Exactly seven days before the originally scheduled March 6 Texas primary, a panel of federal judges in San Antonio released its latest set of interim redistricting maps, putting the state on track for a May 29 primary.

The court’s first try was rejected by the U. S. Supreme Court as insufficiently respectful of the Republican legislature’s original attempt; since then, the court has hammered out new maps with input from both the state and the various plaintiffs who challenged the legislature’s original maps on the grounds that they do not properly represent Texas’s growing minority populations.

All the plans are still under consideration by a D.C. court, which is trying to determine if Texas redistricting violates the Voting Rights Act (for more on the implications of that case, read this Voting Rights primer from NPR). The finding from that case could reset everything again (hence the “interim”), but that’s not likely to happen this election cycle.

In the, ahem, interim, here’s what you need to know:

1. Get along, little Doggett 
Nine-term Congressman Lloyd Doggett of Austin won’t have to face San Antonio state representative Joaquin Castro, who is still running for retired U.S. Representative Charlie Gonzalez’s Congressional District 20 seat. But Doggett doesn’t get to keep his (relatively) Austin-centric district either: Travis County now includes five different districts (up from three) and Doggett’s current District 25 has been redrawn into a Republican-leaning enclave that goes all the way to Tarrant County.

Doggett will now run in the San Antonio-anchored District 35, according to Tim Eaton of the Austin American-Statesman. Bexar County Tax Assessor-Collector Sylvia Romo will challenge him.

Hours before the maps came out, Doggett took to Twitter for the first time in over a month to announce a fundraiser in San Antonio, followed by his official statement in response to the new maps.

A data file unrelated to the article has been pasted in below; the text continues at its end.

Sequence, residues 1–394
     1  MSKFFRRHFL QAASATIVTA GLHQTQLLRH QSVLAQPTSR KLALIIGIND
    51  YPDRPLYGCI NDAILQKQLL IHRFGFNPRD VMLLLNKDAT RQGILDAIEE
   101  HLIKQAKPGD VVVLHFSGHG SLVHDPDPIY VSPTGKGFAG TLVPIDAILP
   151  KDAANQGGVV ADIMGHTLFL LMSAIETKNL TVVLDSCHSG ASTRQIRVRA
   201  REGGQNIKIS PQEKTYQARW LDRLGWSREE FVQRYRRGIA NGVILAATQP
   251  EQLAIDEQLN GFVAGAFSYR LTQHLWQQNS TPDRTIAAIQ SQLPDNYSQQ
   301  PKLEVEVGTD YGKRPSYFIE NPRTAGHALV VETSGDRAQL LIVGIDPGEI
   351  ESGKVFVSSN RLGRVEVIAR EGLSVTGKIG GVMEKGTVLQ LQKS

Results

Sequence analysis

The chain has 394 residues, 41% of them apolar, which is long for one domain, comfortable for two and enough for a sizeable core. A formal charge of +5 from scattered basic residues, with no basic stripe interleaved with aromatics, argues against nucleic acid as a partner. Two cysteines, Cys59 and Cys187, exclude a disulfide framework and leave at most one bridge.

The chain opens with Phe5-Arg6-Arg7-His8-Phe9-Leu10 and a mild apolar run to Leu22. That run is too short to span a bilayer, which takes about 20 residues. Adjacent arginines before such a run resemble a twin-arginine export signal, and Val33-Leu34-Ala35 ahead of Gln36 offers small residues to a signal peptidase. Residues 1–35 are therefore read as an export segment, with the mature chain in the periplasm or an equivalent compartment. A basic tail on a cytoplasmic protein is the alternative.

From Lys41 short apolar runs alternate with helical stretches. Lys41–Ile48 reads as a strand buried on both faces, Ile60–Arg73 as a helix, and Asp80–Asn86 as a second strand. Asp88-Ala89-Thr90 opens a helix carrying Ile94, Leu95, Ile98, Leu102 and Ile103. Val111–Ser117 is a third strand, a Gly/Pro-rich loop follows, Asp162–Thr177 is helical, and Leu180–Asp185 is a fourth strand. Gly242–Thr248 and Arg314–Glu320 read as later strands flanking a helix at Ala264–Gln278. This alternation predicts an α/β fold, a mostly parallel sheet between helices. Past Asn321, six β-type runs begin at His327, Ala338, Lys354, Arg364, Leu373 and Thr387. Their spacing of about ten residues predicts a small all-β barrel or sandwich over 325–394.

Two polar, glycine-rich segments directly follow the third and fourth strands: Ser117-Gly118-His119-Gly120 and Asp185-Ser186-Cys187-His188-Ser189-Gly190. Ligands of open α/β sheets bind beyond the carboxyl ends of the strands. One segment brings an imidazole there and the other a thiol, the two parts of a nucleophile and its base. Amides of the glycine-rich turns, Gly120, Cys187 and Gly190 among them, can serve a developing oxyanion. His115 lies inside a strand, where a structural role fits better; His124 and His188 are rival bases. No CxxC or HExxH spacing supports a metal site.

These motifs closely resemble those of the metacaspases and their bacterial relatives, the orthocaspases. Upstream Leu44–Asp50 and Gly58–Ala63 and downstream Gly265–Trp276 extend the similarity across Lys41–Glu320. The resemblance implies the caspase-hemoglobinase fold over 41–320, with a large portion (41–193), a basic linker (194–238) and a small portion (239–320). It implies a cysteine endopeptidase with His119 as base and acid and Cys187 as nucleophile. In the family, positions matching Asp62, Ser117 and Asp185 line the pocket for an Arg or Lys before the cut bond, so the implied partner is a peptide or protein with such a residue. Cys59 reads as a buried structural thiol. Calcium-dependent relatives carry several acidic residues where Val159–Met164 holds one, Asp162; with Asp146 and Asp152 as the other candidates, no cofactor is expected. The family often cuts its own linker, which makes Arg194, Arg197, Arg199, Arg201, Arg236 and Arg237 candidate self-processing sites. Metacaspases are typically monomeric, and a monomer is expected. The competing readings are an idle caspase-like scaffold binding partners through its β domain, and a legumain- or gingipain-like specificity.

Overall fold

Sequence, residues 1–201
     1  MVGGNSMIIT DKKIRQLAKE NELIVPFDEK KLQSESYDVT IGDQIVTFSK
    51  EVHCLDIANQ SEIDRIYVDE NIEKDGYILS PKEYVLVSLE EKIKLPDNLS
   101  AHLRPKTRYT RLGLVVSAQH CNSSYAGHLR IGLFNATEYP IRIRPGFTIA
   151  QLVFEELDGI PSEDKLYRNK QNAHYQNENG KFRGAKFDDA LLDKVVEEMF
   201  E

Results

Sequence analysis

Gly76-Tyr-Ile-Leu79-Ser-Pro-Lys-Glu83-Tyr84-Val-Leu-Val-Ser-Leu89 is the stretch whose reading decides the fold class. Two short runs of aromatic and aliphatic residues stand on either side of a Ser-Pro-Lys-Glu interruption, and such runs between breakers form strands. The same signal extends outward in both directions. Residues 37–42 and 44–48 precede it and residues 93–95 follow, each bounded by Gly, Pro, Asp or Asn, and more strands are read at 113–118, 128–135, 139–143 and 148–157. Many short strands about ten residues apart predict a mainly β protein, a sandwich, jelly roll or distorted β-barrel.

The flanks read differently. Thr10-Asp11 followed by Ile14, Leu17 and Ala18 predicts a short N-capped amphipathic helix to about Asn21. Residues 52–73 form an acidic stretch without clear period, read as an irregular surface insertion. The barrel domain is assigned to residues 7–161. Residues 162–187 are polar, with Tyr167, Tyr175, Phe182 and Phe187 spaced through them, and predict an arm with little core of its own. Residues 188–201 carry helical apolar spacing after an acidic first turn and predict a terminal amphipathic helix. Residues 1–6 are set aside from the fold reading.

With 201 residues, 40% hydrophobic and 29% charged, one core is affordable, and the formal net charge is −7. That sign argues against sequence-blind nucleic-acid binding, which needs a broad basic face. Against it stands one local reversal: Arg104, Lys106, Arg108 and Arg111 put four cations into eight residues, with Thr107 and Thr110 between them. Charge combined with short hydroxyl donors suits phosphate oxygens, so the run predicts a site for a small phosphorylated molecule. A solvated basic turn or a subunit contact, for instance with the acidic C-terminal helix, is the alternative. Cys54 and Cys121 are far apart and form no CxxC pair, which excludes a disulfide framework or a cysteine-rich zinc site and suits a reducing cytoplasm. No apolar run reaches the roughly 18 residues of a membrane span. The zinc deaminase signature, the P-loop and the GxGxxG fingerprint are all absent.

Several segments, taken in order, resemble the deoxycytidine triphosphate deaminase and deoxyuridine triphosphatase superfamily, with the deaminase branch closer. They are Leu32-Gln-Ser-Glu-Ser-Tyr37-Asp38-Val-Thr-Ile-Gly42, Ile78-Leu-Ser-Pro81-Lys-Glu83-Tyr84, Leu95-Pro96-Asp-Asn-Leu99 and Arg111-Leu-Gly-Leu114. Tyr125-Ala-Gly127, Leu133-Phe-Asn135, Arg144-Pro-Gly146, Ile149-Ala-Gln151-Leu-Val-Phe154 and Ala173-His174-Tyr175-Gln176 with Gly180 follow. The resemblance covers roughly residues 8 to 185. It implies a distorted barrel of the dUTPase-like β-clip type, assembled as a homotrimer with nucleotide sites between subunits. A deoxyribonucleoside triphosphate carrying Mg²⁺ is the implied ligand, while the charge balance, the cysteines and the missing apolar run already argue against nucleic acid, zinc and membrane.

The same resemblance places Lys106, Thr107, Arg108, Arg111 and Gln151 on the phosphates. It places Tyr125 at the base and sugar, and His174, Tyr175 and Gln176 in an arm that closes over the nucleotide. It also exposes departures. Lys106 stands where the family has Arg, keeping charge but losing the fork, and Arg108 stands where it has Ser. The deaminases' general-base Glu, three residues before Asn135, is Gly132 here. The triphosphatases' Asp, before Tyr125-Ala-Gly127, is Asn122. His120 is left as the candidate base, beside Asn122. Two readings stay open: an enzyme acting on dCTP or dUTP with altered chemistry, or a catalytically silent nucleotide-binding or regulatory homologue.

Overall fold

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2. MALDEF is happy, LULAC is not
The Mexican American Legal Defense and Education Fund’s Nina Perales told the Statesman‘s Eaton that the new congressional map was “a plan we could live with.”

“This plan does what the Texas Legislature did not, which is increase the number of Latino-majority congressional seats,” she said. 

MALDEF had been more willing to compromise on Doggett’s district than the League of United Latin American Citizens, having made a deal with Abbott several weeks ago. According to Eaton, LULAC’s Luis Vera “called the maps “a disaster” that did not increase Latino representation.”

3. The Republicans are happier than the Democrats
According to the Republican Party of Texas’s analysis:

The new State House map creates one less Republican district (defined as a district being over 50% Republican) than the map drawn by the Legislature – it is an improvement over the previous map issued by the San Antonio three-judge panel, which drew three less Republican districts.

[The new map] translates into the Republican Party expecting to gain 2 of the 4 new Congressional seats. Under the original Congressional map issued by the Legislature, the Republican Party hoped to gain 3 seats. However, we may not have gained any seats under the previous map drawn by the San Antonio three-judge panel.

And from the Democratic Party of Texas’s statement:

We appreciate the court’s efforts, but their maps are far from accurate representation. These maps may be slightly better than those passed by a radical legislature but they still grossly misrepresent the demographics of our state.

4. “Pairings” a non-issue. Ditto the Senate maps.
Ross Ramsey of the Texas Tribune noted that eight new state legislative districts “pair” current incumbents, but with the exception of Connie Scott (R-Robstown, currently District 34) and Raul Torres (R-Corpus Christi, currently District 33) most of those races involve members who are either retiring, moving, or pursuing another office (among them Warren Chisum, who is running for Railroad Commision, and Rodney Anderson, who is running for Senate).

The Senate map is almost entirely the same as the one originally drawn by the legislature, except for the restoration of Wendy Davis’s District 10, a compromise that all parties agreed to several weeks ago

5. It could all still go to hell
How? Appeals by any of the current plaintiffs or a ruling by the D.C federal court that’s still considering specific Voting Rights Act issues could throw the whole thing off. And these latest maps still have to receive the very pre-clearance the original legislative maps have not.

But everyone from Abbott (“I believe these interim maps will be the maps used for this election cycle,” he told the Statesman‘s Eaton) to Michael Li of the Texas Redistricting blog seem to agree the May 29 election will go forward and any further changes would not be implemented until 2014.

Or 2013. As Li notes, “it remains to be seen whether the Legislature has the stomach” to take another pass at redistricting again during the next session.